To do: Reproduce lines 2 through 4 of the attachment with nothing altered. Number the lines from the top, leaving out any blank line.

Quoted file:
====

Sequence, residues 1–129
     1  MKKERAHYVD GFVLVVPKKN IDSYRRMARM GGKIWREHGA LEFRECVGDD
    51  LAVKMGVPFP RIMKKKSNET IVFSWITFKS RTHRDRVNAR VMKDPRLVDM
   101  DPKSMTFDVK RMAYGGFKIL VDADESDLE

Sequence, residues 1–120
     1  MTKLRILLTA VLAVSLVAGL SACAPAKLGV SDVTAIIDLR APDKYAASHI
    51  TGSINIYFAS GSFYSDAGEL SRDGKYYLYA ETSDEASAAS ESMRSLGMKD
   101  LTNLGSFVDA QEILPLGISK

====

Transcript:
     1  MKKERAHYVD GFVLVVPKKN IDSYRRMARM GGKIWREHGA LEFRECVGDD
    51  LAVKMGVPFP RIMKKKSNET IVFSWITFKS RTHRDRVNAR VMKDPRLVDM
   101  DPKSMTFDVK RMAYGGFKIL VDADESDLE